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Guest column, Douglas Young: 11 questions to consider about mass shootings
Douglas_Young
UNG professor Douglas Young

To prevent more mass shootings, many demand more gun control laws. But do these laws prevent such massacres or address their root causes? Here are 11 questions to ponder.

First, why do almost all U.S. mass shootings occur in “gun-free zones?” Indeed, it’s hard to name any that have not. The 2015 Charleston mass-murderer apparently targeted a church instead of a school partly because the school had security — but South Carolina banned guns in church. Would any of us put a sign in our yard saying, “This is a gun-free home”?

Second, can an evil person using a gun to murder be stopped by anyone other than a good person using a gun? In the December, 2019 Texas church shooting, the murderer was prevented from murdering many times more than his two victims by a good parishioner with a gun who shot him in six seconds. Many other mass murders have been similarly stopped. 

Third, with all the many thousands of city, county, state and federal gun control laws we’ve had for many decades, how realistic is it that any new ones will make a difference? Very few guns used in crime are ever legally bought since, by definition, criminals don’t obey laws.

Fourth, for those who want to ban entire classes of guns, how well did America’s prohibition of alcohol from 1920 to 1933 prevent Americans from getting booze? Even with a constitutional amendment and an unprecedented national effort to completely ban the sale of this dangerous drug, “the noble crusade” was an abject failure that corrupted law enforcement on a massive scale. By far the biggest beneficiaries of prohibition were bootleggers made fabulously wealthy like Al Capone who said, “All I do is supply a demand.”

Fifth, how well has our war on drugs prevented people from getting them? This 50-year effort has spent a trillion-plus tax dollars stopping record amounts of drugs at the border and creating by far the world’s biggest prison population. Yet illegal drugs remain plentiful and widely used. 

Sixth, how well have our immigration laws prevented illegal aliens from breaking into the country in recent decades? Despite presidents of both parties sending record numbers of guards to the border and deporting record numbers of illegal migrants, a 2018 Yale-MIT study showed we may have well over 20 million illegal aliens in this country. 

Seventh, could the saturation press coverage prominently featuring the name and face of each mass-murderer actually encourage more such shootings? There is evidence that many mass-murderers seek such infamy. So, while reporting their crimes, why not deny these murderers the notoriety they crave and therefore reduce the temptation for other evil losers?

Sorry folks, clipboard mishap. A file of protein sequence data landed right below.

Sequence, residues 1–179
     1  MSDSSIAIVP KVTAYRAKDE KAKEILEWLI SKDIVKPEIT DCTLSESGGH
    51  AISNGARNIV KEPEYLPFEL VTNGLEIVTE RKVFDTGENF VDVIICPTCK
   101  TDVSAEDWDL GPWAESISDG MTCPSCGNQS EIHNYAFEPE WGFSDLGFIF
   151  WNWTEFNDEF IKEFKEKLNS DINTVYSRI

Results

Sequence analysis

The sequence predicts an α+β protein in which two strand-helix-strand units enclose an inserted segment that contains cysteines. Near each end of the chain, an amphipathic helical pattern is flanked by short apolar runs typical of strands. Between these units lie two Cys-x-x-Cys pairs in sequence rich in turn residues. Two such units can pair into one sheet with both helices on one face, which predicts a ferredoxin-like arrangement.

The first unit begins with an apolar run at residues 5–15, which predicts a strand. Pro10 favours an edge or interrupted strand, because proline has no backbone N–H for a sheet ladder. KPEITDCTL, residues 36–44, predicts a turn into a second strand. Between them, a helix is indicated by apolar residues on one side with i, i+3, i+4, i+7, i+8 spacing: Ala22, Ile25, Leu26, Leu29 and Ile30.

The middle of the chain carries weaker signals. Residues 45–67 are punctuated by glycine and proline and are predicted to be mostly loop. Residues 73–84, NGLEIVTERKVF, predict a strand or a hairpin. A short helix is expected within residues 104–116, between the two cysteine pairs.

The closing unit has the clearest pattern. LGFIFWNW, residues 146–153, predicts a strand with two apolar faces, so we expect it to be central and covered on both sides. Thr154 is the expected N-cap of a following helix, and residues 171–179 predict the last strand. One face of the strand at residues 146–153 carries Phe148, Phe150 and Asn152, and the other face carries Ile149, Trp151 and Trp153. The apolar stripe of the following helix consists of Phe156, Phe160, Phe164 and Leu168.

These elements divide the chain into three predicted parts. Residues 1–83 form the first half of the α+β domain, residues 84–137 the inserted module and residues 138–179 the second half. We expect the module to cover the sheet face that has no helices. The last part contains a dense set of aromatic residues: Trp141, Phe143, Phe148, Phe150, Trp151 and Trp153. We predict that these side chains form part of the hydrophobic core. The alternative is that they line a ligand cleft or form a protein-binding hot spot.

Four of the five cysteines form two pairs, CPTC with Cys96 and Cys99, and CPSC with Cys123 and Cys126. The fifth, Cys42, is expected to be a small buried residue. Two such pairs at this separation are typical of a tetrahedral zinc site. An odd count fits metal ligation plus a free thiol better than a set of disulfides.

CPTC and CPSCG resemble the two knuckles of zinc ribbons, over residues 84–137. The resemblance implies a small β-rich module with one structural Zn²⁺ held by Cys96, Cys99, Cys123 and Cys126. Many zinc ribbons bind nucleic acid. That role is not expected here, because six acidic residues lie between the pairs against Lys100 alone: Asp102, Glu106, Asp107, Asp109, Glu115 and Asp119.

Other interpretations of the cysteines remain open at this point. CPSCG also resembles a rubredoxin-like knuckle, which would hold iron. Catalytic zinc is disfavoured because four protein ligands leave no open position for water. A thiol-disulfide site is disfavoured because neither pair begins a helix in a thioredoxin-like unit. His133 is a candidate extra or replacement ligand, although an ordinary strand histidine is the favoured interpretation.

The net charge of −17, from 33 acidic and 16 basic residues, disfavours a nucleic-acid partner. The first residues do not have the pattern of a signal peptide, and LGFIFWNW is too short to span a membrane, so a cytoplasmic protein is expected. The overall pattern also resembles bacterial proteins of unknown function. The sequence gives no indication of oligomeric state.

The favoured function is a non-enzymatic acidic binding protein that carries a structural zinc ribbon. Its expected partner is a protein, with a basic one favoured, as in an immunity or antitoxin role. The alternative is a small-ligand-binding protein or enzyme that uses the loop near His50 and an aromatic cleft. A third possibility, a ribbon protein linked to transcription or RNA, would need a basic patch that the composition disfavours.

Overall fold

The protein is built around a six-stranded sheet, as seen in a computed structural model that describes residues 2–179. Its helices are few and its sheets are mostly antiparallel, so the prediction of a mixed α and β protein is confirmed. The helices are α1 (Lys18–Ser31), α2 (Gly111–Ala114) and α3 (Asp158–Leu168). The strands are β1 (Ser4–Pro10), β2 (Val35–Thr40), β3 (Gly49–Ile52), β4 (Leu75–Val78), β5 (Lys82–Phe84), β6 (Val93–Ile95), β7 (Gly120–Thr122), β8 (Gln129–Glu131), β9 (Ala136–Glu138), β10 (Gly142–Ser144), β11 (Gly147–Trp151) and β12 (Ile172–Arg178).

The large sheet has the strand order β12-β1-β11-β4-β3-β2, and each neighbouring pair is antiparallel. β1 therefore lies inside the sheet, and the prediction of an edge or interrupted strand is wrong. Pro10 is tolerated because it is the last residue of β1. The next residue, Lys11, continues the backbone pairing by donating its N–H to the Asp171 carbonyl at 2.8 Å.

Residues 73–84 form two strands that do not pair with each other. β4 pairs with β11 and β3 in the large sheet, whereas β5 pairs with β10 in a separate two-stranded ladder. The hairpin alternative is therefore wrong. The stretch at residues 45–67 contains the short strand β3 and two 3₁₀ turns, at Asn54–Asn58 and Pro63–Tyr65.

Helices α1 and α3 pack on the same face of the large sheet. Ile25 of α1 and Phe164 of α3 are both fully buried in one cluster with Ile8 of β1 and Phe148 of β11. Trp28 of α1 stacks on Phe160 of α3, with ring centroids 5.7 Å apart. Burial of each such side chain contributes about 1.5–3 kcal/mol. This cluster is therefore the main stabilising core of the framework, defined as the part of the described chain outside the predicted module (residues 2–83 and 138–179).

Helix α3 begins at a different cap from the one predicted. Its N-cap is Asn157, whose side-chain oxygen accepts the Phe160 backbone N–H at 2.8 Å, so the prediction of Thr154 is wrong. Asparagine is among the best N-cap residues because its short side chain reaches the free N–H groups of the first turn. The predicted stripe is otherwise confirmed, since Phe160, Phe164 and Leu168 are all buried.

Eighth, can guns  — or any inanimate object or substance  — force anyone to use them sinfully? As the CATO Institute’s Robert Levy reported in 2011, each year the owners of 99.8% of American guns choose to not commit a crime with them. Indeed, do most drinkers drive drunk or commit other crimes under the influence? Since reckless driving kills about the same number of Americans each year as gunshot wounds, should we have more car control laws? Most all of us are fully equipped to be thieves, drug addicts, prostitutes and murderers. But are we?

Ninth, how many mass-murderers have come from a two-parent family that regularly attended church or synagogue? Very few. Indeed, the data show children from single-parent homes are many times more likely to fall prey to the whole range of social pathologies. And how many folks who regularly went to Sunday School with you became violent criminals?

Tenth, is it really fair to blame mass shootings on mental illness? Does this not insult the vast majority of mentally ill folks who are never violent? So what leads a tiny minority to turn homicidal? Again, could it be the lack of a loving, two-parent, church-going home that proactively seeks prompt medical treatment for a troubled family member? 

Eleventh, how effective is government at solving family, spiritual and cultural problems? The state is quite good at building roads, bridges, schools and warships, but what is its record at putting America’s broken Humpty Dumpty family and Judeo-Christian culture back together again? Perhaps the ultimate solution to mass shootings — and most of our problems — is for we Americans to dedicate ourselves to our own spiritual and family renewal since, as President Dwight Eisenhower understood, “Laws cannot change what is in people’s hearts and minds.”

Douglas Young is a professor of political science at the University of North Georgia’s Gainesville campus.

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